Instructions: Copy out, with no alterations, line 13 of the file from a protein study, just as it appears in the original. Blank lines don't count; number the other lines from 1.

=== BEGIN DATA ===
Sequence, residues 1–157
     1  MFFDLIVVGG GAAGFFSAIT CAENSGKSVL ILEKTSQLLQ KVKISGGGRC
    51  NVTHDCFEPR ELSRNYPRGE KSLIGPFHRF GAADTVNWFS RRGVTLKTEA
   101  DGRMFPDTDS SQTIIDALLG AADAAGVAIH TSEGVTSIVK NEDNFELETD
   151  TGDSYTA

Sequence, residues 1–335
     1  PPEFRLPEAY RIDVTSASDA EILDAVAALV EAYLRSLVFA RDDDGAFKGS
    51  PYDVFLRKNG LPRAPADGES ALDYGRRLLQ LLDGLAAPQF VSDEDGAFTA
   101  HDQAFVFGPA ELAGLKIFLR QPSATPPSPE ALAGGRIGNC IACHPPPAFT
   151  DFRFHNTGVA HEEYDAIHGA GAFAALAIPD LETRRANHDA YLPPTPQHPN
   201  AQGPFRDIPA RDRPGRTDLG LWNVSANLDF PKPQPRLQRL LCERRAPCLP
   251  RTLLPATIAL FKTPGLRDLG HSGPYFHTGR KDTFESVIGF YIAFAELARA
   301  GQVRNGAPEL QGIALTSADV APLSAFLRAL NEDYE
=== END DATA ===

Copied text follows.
   301  GQVRNGAPEL QGIALTSADV APLSAFLRAL NEDYE